Wednesday, 11 March 2009

A land fit for heroes?

Army to review Fort Bragg's punishment for wounded




By KEVIN MAURER, AP
Wed Mar 11, 7:11 PM EDT



The general in charge of the Army's more than 9,000 wounded soldiers said Wednesday he is ordering a review of how the ones at Fort Bragg are being punished for minor violations. Brig. Gen. Gary Cheek said he is asking the Army Surgeon General to look at all discipline that has been taken against soldiers in the base's Warrior Transition unit to make sure each case was fair.

Cheek's comments come a day after The Associated Press reported that soldiers in the unit are being disciplined three times as often as those assigned to the base's main tenant, the 82nd Airborne Division. The AP also found that discipline rates vary widely across the Warrior Transition system; some units punish their soldiers even more frequently than the one at Fort Bragg, while others are far more lenient.

"We are transparent enough in this that we want to make sure that we aren't doing anything bad by our soldiers," Cheek said in a phone interview from Washington.

The Army set up 35 Warrior Transition units two years ago to help soldiers navigate the medical system and monitor their progress and treatment following the scandal over shoddy conditions at Walter Reed Army Medical Center in Washington.

More than a dozen current or former soldiers who have been assigned to the transition unit at Fort Bragg told the AP that its officers are indifferent to their medical needs and punish them for the very injuries that landed them there. Officers who oversee the unit said they hold the wounded soldiers to the same performance standards as able-bodied troops, arguing that it helps them get back into fighting shape.

Paul Rieckhoff, founder and executive director of Iraq and Afghanistan Veterans of America, said his group is hearing similar things from soldiers throughout the Army. The service needs to view injured troops as patients more than soldiers, he said.

"There is still this culture of toughness that is pervasive throughout the military," Rieckhoff said. "They are probably in the minority, but they need to alter the system so that you don't have a guy with a head injury getting screamed at for missing formation."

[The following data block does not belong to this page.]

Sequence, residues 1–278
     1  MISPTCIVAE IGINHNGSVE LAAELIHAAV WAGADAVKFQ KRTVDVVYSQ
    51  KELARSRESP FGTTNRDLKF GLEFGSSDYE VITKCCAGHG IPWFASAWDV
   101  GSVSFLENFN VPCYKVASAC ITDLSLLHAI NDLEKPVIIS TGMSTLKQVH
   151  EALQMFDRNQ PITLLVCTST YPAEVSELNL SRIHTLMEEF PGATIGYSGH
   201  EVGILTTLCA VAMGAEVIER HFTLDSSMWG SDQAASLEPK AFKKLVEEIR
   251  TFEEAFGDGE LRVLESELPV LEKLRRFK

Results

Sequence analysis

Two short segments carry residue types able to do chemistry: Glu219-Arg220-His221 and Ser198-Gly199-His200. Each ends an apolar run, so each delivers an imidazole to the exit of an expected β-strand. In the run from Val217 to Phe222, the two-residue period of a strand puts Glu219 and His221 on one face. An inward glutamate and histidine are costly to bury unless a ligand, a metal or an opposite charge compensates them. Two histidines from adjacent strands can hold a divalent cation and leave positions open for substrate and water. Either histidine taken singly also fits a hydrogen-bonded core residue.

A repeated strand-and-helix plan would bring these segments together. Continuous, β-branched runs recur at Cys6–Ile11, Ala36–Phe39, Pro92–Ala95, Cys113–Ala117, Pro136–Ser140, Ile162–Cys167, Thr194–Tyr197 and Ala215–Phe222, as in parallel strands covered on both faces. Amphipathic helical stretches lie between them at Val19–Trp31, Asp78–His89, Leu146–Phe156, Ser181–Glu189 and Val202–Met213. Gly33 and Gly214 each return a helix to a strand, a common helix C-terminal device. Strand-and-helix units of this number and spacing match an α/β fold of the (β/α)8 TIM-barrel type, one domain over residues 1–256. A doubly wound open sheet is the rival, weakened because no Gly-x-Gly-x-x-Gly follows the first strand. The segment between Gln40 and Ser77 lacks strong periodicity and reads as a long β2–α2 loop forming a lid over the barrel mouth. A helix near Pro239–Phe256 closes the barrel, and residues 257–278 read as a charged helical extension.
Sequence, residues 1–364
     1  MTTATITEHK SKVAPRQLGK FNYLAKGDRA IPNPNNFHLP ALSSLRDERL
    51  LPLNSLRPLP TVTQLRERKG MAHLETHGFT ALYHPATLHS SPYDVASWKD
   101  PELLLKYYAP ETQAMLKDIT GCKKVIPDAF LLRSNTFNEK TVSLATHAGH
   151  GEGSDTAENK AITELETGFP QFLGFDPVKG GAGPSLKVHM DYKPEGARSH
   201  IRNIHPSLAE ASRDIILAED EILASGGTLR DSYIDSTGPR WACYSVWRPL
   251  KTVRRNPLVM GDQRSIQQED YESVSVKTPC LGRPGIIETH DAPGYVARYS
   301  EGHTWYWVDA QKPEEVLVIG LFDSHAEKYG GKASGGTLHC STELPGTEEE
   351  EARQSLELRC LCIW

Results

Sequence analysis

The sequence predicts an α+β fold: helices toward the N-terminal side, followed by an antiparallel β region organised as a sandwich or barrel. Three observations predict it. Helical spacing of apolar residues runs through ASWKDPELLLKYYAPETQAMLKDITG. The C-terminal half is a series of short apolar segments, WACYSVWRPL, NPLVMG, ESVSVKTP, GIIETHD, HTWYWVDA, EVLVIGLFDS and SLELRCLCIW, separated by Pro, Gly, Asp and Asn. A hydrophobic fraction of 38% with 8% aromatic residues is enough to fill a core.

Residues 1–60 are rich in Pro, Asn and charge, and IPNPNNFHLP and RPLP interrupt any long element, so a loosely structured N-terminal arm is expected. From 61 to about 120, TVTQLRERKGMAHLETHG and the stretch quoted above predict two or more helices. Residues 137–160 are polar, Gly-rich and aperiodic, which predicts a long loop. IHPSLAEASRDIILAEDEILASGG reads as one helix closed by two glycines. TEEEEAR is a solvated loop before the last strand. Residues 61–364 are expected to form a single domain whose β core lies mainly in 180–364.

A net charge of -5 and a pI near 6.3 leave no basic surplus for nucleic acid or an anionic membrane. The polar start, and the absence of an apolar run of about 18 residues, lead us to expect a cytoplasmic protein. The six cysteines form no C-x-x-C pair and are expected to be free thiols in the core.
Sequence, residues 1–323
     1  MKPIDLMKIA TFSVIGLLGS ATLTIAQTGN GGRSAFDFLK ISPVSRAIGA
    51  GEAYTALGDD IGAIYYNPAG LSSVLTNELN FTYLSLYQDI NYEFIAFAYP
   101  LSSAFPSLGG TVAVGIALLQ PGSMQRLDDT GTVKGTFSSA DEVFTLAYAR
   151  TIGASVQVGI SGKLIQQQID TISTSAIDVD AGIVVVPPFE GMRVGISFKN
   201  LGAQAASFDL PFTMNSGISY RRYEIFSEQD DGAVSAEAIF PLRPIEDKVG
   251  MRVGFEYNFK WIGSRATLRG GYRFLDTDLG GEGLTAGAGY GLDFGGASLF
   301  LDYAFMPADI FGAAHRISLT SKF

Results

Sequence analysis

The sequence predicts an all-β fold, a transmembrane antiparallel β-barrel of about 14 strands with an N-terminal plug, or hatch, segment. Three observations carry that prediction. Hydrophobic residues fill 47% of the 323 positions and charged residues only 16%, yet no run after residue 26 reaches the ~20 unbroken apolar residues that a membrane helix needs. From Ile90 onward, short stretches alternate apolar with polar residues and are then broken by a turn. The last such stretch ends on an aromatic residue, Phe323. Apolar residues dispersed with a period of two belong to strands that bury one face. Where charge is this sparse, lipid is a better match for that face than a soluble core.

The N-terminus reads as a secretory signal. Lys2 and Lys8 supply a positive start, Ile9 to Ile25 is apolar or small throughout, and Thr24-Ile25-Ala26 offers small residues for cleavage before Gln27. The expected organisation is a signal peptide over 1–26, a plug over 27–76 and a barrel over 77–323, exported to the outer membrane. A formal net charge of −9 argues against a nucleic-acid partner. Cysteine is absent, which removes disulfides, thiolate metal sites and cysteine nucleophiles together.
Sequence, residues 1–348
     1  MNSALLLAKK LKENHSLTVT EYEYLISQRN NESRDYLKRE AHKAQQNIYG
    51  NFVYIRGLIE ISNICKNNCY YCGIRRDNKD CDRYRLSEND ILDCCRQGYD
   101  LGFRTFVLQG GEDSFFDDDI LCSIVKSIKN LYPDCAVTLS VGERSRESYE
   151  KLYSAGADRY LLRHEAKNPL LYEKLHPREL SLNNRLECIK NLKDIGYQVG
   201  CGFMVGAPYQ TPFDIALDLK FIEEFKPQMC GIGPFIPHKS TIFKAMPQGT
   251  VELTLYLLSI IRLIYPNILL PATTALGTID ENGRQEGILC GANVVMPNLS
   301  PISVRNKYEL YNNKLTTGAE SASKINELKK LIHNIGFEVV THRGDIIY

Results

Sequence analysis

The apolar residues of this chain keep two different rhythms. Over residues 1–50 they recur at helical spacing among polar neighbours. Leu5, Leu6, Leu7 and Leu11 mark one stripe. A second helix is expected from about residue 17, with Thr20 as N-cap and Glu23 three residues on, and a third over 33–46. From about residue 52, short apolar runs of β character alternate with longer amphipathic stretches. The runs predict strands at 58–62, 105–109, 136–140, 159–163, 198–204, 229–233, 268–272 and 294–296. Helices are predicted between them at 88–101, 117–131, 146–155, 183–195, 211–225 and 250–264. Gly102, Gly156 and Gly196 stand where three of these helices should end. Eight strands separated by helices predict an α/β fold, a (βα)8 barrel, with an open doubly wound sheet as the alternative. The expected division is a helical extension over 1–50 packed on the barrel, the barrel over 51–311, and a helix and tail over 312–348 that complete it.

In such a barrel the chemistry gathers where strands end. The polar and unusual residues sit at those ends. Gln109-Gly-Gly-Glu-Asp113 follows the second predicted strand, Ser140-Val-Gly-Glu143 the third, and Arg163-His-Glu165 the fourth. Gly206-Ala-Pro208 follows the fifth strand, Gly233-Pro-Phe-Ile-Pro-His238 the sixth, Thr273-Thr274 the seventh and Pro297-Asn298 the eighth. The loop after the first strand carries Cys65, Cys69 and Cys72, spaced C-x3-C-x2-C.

Cheek said he is "very confident" that Lt. Col. Jay Thornton, the Fort Bragg transition unit's commander, does what's best for his troops.

"He has done good things for our Army and our soldiers there," Cheek said. "I think there is much more positive than negative, but that said, we'll take a look at it. We don't want to disadvantage a single soldier."

Several members of Congress also weighed in Wednesday on the allegations in the AP report. Sen. Richard Burr, R-N.C., said the Senate Armed Services Committee is looking into the allegations but not yet formally investigating.

"It is my hope that we can get to the bottom of this issue," Burr said by e-mail.

Congressman Larry Kissell, whose district includes parts of Fort Bragg, plans to visit the base at the end of March.

"Above all else, we must ensure that our military heroes are treated with dignity and respect," Kissell said in an e-mail.

Rep. Steve Israel, D-N.Y., said he heard about the problems at Fort Bragg's Warrior Transition Battalion last month when a group of soldiers came to Long Island to share their experiences. He said what he heard "sent chills up his spine," and he vowed to seek legislation to resolve the issue if the problems don't clear up soon.

Copyright 2009 The Associated Press. All rights reserved. This material may not be published, broadcast, rewritten or redistributed.

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